To these sentiments we heartily subscribe, and strongly protest against the view put forward by a witty contemporary novelist, who contends, that a book-maker ought to be knighted, because his wife would like to be called "My Lady." Authorship has been regarded as a profession, it is daily degenerating into a trade; it ought to be neither. Let worldly honours be granted for actions they may not incongruously embellish. To literary men, as such, they are absurd and out of place.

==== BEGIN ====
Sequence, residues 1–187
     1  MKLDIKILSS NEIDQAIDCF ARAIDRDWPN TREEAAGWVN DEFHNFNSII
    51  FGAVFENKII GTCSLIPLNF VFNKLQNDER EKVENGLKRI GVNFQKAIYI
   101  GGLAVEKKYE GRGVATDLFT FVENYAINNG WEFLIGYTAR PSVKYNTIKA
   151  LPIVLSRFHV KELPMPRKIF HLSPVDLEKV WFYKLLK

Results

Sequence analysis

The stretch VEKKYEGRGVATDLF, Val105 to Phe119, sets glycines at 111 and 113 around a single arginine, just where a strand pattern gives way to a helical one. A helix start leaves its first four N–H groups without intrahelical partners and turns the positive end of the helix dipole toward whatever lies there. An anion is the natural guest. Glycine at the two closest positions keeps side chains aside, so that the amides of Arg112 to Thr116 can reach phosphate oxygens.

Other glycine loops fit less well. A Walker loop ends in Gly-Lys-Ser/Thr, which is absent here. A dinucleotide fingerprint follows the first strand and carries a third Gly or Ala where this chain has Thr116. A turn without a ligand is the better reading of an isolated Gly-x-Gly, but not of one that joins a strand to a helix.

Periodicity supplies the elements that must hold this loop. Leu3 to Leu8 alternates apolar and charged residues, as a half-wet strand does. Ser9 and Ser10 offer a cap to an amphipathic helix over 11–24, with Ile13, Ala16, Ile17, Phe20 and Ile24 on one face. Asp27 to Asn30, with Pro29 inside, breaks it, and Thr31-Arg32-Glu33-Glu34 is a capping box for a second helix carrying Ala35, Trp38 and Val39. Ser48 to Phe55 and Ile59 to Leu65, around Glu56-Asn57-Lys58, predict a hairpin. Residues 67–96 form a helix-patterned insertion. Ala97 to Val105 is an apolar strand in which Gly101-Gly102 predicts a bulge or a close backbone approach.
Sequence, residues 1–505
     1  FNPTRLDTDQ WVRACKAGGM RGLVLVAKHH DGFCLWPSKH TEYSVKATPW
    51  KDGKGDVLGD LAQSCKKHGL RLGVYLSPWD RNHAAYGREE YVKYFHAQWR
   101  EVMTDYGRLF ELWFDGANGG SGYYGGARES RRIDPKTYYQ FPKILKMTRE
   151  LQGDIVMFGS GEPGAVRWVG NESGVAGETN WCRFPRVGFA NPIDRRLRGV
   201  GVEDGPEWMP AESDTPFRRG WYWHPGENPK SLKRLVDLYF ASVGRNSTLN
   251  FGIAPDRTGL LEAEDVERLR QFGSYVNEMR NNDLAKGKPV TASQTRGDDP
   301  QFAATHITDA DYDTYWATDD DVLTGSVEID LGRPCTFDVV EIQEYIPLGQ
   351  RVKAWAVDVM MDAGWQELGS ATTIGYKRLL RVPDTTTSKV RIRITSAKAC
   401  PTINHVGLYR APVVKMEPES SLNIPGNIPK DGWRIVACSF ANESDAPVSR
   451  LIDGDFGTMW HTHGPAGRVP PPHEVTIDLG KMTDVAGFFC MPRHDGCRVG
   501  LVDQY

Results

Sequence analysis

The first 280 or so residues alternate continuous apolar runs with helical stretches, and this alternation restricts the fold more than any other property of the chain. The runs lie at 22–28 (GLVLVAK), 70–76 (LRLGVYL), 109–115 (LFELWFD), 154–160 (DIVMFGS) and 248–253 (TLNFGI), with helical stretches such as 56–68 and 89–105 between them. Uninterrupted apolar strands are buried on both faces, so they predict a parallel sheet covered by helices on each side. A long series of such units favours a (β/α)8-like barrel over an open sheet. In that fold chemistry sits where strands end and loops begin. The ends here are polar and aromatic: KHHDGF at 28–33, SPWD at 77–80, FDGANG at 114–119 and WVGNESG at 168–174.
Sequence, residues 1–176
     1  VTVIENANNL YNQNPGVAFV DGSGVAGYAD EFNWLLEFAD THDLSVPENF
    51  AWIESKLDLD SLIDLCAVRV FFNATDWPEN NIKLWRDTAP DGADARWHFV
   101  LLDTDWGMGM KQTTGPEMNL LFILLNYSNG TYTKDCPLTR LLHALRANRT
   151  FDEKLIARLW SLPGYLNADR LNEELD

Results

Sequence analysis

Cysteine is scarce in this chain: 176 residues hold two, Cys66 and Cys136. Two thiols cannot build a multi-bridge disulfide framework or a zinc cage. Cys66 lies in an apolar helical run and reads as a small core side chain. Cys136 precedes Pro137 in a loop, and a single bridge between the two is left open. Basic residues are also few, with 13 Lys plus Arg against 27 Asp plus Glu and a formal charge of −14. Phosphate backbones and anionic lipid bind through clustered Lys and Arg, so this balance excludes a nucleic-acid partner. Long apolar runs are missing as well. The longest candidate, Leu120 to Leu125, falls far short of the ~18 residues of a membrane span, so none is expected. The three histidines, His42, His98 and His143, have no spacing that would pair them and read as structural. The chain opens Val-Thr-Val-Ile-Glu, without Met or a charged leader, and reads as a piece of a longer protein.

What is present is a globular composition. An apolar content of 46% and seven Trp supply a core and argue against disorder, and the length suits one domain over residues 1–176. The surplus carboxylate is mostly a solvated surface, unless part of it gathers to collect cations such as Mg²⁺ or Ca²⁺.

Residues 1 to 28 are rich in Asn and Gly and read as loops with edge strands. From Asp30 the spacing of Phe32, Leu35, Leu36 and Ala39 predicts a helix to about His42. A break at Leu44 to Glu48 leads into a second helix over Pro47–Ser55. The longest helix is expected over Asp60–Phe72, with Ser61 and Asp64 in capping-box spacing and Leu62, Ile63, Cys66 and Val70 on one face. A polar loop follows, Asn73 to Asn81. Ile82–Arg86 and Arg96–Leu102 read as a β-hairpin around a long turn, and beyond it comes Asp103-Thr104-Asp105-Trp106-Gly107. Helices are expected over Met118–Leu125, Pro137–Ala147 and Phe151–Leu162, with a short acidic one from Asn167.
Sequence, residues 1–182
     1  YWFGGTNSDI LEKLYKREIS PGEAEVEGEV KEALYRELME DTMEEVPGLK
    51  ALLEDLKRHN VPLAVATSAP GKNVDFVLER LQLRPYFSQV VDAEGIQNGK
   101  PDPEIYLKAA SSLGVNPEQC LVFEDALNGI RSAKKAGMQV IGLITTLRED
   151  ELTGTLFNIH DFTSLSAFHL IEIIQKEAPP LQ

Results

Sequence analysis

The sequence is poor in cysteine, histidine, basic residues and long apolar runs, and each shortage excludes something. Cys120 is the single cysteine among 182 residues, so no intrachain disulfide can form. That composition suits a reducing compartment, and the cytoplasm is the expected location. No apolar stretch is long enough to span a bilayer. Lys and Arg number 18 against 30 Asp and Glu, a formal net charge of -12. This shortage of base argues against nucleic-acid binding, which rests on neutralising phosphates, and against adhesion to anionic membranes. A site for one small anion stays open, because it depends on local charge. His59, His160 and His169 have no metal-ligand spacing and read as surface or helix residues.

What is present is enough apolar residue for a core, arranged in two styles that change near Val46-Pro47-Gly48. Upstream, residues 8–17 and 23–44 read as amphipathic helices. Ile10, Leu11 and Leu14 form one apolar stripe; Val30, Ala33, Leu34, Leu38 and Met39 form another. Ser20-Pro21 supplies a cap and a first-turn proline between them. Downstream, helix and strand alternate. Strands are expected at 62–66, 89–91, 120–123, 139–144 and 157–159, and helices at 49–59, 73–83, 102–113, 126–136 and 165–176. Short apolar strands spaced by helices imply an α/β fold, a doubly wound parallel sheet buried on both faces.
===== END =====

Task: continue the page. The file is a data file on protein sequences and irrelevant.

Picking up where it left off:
But few of Southey's works proved lucrative. Their tardy sale stands in remarkable contrast with the rapidity with which successive editions were exhausted of those of his friend and fellow-labourer Sir Walter Scott. In December, 1828, writing to Mr. Bedford, he says: "For myself I am very far from complaining of Government, to which indeed I owe much more than to the public. You know what His Majesty is pleased to allow me through your hands. Now, from the said public, my last year's proceeds were, for 'The Book of the Church' and the 'Vindiciæ,' per John Murray, nil; and for all the rest of my works in Longman's hands, about £26. In this account, you know, the 'Peninsular War' and the 'Life of Nelson' are not included, being Murray's property. But the whole proceeds of my former labours were what I have stated them, for the year ending at Midsummer last: so that if it were not for reviewing, it would be impossible for me to pay my current expenses. As some explanation, I should tell you that 'Roderick' and 'Thalaba' and 'Madoc,' are in new editions, which have not yet cleared themselves. They are doing this very slowly, except 'Roderick,' for which, if it had been clear, I should have received £35." Money, although he was in such pressing need of it, was never his immediate concern and object. Perhaps had he allowed his necessities more directly to influence his pen, the public, as well as himself, would have been the gainers. He might have chosen subjects more attractive, and have condensed his efforts into a compass more suitable to the wants of a hasty and impatient generation. But there was a nobleness even in his error. And this lofty disdain of mere popularity becomes the more valuable in its teaching, as instances of it become more rare.